Monday, 2 May 2011

St Thomas: Patron Saint for the Age of Me

We live in an age of scepticism where people are abandoning their -ologies.

For centuries the prevailing -ology was theology, as the teaching of the Church shaped everything from the law to the ordering of society. Not always well admittedly, but nonetheless it was the dominant paradigm.

For much of the twentieth century political ideology captured the imagination and aspirations of millions. Socialism, Communism, Fascism were causes worth fighting and dying for.

And in the 50s and 60s people placed their hope in technology and science to solve humanity's problems, cure our ills and take us to new levels of achievement.

But in the 21st century the hopes invested in these -ologies lie shattered by the disappointments and failures of these movements.

Church attendance has plummeted as scepticism rises towards an institution that is perceived as archaic and out of touch. There is the scandal around sexual abuse by clergy. The rise of the toxic and intolerant religious right. The bad taste left by the perceived cultural imperialism of missionary work. And besides, who in their right mind believes in something you can't prove?

The rot set in for political ideology when Fascism led to holocaust, and Communism was corrupted by greed, fear and domination. More recently the absence of conviction politicians, the expenses scandal in parliament and the era of soundbite and spin have led to voter apathy.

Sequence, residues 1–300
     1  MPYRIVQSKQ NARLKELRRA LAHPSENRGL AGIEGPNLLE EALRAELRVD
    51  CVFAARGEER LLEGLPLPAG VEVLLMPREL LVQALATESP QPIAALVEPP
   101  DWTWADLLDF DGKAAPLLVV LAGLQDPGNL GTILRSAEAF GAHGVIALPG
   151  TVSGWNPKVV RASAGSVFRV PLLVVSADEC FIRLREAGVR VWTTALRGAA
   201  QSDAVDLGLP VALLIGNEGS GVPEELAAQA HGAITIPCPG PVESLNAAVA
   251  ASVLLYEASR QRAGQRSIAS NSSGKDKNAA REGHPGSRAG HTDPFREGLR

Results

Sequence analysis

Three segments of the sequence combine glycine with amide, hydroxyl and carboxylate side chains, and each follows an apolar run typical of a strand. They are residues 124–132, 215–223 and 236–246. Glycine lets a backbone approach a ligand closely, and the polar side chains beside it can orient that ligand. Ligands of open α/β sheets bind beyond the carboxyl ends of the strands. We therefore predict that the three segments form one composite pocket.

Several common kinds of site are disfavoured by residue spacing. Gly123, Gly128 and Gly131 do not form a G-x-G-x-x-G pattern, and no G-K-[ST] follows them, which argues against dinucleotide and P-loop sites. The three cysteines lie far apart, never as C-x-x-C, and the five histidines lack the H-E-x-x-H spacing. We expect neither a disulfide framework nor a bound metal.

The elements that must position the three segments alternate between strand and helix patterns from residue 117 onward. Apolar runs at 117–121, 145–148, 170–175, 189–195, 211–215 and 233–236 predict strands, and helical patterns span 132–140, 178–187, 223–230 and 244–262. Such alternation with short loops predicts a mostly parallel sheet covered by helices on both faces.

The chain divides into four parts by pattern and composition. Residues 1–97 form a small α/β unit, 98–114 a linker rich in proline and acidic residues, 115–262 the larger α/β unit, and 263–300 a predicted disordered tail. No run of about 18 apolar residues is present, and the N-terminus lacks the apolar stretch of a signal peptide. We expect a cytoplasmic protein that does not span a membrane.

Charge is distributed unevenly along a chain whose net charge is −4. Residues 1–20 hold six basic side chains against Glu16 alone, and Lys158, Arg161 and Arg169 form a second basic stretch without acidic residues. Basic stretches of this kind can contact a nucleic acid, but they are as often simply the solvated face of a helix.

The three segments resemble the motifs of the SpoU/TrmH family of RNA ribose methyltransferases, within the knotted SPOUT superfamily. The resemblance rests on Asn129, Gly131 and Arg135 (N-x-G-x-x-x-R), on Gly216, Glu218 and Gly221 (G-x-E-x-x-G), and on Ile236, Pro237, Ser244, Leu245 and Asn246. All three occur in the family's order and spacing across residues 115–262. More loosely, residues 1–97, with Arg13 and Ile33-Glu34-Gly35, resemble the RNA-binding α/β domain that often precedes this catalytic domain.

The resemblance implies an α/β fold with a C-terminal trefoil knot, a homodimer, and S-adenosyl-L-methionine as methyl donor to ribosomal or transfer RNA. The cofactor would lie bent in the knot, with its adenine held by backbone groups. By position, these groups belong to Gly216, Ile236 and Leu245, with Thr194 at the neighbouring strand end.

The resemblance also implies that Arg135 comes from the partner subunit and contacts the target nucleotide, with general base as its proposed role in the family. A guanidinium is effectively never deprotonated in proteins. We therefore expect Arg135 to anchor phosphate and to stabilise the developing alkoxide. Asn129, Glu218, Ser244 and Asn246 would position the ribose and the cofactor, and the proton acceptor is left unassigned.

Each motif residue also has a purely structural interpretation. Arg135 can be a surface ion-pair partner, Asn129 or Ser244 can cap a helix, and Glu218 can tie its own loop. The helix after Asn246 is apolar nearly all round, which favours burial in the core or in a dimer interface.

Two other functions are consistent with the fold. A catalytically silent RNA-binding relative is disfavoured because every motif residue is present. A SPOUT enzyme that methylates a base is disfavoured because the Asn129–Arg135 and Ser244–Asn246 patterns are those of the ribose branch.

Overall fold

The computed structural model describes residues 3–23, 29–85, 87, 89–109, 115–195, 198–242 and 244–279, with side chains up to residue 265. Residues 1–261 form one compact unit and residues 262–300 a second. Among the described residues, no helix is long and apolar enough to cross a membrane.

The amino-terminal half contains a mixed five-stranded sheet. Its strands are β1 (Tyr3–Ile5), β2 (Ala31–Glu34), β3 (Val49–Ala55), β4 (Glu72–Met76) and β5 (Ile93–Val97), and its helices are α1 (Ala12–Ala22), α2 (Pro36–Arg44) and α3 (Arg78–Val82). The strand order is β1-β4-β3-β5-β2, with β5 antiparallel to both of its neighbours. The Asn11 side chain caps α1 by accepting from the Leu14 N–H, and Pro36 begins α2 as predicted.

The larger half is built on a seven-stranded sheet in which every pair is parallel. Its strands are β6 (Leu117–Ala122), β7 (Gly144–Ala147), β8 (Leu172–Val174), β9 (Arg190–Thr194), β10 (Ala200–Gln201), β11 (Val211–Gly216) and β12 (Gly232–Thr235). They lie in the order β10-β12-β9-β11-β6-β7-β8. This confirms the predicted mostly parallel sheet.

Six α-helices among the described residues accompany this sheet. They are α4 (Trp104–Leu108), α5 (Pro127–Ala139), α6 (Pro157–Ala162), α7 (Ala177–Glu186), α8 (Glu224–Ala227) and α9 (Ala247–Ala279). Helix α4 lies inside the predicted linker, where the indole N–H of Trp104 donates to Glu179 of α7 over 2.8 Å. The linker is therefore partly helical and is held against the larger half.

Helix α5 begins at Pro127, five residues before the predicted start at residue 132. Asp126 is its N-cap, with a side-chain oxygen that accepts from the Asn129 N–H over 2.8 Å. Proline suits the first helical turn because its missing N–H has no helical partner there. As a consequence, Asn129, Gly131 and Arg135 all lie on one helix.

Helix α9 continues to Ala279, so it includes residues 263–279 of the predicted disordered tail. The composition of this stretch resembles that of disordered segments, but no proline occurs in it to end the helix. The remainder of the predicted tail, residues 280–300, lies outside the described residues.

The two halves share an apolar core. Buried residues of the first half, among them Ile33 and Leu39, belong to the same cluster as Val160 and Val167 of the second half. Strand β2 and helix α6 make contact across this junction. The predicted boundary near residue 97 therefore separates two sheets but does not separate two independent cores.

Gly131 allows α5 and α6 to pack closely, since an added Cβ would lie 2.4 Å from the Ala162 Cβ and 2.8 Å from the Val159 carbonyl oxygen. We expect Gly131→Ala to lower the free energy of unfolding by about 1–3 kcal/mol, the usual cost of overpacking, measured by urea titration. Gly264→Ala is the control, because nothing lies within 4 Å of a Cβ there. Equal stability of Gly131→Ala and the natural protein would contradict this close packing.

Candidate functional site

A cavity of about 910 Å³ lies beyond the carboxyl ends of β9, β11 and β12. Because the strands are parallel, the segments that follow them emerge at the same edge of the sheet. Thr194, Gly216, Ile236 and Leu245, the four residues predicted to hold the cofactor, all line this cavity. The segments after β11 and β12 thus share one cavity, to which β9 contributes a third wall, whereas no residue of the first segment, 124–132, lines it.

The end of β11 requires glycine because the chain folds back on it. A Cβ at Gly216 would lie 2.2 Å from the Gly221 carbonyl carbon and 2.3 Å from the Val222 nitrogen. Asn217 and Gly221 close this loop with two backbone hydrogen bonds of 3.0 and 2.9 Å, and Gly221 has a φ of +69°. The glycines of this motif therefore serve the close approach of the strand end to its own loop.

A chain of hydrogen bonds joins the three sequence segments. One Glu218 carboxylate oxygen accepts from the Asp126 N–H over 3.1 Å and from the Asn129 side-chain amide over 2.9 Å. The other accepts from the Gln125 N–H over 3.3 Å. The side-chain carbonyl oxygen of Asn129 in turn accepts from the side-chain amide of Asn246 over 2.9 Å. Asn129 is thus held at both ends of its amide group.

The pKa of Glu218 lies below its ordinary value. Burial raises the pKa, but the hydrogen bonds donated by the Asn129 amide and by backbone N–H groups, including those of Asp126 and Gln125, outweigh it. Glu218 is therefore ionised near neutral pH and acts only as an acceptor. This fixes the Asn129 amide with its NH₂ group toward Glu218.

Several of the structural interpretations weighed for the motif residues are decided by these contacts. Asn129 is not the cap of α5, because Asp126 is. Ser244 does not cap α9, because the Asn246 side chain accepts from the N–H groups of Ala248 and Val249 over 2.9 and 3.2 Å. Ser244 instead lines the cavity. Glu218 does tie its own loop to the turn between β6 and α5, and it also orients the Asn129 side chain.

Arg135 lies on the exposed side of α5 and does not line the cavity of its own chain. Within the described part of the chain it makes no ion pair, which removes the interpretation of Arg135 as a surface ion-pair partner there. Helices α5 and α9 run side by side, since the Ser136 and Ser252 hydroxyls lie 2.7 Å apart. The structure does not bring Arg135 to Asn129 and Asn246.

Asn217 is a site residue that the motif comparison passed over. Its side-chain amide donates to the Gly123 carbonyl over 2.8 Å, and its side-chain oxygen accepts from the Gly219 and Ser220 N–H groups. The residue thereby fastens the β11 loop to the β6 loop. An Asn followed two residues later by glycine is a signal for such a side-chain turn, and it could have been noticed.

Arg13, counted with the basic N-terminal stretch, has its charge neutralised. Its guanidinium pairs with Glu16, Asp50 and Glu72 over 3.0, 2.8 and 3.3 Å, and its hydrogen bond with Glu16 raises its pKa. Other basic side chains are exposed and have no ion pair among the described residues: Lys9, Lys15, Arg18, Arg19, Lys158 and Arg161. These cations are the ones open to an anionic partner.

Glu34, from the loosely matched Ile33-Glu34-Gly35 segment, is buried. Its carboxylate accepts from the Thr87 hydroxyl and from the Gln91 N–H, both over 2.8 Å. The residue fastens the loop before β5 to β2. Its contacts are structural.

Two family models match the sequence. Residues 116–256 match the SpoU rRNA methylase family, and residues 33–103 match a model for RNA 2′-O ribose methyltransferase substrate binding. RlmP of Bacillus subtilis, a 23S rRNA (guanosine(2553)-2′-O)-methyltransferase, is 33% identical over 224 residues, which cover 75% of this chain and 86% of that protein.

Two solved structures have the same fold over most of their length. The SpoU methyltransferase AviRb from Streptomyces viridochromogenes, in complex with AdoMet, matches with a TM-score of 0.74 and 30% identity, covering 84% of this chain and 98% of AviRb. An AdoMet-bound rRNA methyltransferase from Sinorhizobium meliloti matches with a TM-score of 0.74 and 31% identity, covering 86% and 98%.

And who trusts their GP anymore? Once a pillar of the community whose opinion was never questioned, the controversy over the MMR vaccine, the tragedy of Thalidomide and the unscrupulous practices of pharmaceutical companies have left some patients wondering whom they can trust.

So what does today's generation believe in if not the priest, politician or doctor? The answer is, of course, themselves. Like St Thomas, who would only believe in the risen Christ if he could touch his wounds, Generations X and Y will only believe what they know to be true from their own experience. The notion that one might invest trust or hope in an institution without personally verifying it's authenticity is regarded as immensely naive. The Age of Me is driven by scepticism, conspiracy theory and distrust.

But putting the Self at the heart of one's experience or opinions means elevating the very thing that corrupted the institutions that are the focus of scepticism. The drive for money, sex and power by individuals within Church, Government, and Science are what sullied their reputations. The Age of Me idolises that same self-centredness, and conveniently side steps the examples of those who set aside their own needs for the greater good.

The Christians who took on vows of poverty and chastity to better serve the needs of the poor. The missionaries who lived among lepers. The volunteers who joined Brigades to fight fascism in Spain. The campaigners for freedom who languish in a Chinese prison. The medics who experimented on themselves to find cures or push the boundaries of science.

When Jesus says to Thomas, "Blessed are those who have not seen but have come to believe," he once again challenges us to take our selves out of the centre of our existence and place God there. When we do so, like others before have done, we become outward-facing and better able to look our neighbours in the eye while stretching out a hand of generosity.